1. agorman00

    agorman00 Member

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    Repetition can be good

    Discussion in 'Plot Development' started by agorman00, Nov 17, 2016.

    Okay, I'm going to start by saying that I'm not by any means a great writer. I write sometimes in my free time, and even then my writing isn't ever that good. But what I do hold a lot of knowledge in is music. I love music, I love the production that goes into it, I love learning about what inspires an artist, and most of all, I love lyrics. Everyone here knows how a song goes, there's a few verses and a chorus. The verses are always different, and they tie into the chorus, which usually stays the same throughout the song. Even though the chorus is usually repetitive, it's enjoyable, because it has the verses to supplement it and give the song variety.

    Knowing most the people on this website, I'm sure many of you have heard the Hamilton soundtrack. Maybe some of you are sick of hearing endless praise for it, and some of you might even think it's overrated. Whatever your opinion might be, hear me out. One thing that was brilliant throughout the play, believe it or not, was the repetition. Songs had the same instrumentals, some songs had almost the same exact lyrics as other songs, and the same couple of themes carried on throughout the entire 2-3 hours of the play. So how the hell is that good? Don't we all know that repetition is bad?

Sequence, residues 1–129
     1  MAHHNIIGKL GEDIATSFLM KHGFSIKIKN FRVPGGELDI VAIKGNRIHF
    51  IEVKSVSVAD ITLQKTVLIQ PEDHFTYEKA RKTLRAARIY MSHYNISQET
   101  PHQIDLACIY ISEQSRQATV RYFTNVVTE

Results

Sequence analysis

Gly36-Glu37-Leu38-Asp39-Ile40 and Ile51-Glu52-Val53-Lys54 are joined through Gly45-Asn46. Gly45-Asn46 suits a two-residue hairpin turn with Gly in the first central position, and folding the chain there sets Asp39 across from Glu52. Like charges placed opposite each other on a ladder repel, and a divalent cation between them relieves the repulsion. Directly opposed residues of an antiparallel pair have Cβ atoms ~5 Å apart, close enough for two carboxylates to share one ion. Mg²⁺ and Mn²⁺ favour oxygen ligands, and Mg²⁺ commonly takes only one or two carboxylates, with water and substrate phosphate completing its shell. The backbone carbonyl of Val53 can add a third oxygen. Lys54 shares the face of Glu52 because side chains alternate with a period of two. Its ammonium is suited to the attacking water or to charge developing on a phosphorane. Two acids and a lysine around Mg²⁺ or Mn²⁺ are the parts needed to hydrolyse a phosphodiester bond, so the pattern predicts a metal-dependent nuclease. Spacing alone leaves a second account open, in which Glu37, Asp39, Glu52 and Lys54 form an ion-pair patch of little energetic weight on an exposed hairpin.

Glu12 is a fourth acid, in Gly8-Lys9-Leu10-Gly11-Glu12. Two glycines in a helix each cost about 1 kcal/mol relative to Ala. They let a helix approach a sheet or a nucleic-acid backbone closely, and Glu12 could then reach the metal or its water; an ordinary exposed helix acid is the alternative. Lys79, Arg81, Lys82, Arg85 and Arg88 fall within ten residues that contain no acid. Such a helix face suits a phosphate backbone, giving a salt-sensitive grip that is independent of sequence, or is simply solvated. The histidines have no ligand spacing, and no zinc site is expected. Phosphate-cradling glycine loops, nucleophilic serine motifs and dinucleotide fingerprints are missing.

Everyone likes to tell you to never repeat yourself, always be doing something different. I'm here to tell you differently. I believe that repetition is only bad when it's tedious. If you keep repeating yourself and you go nowhere, it becomes exhausting.

    The thing about humans is that we love patterns. Something deep in our biological coding makes us go nuts for patterns. If you can incorporate a good pattern into your story, you intrigue and captivate your audience. Another thing about humans, however, is that we're fickle. We'll get real sick of the pattern real quickly if it becomes too easy to recognize. This is the exact dilemma music producers face when producing a song. A beat is just the same couple of sounds in a sequence, over and over again. Usually the chords, the synths, everything that goes on top of a beat, is there to simply negate the tediousness of the same sounds repeating over and over again.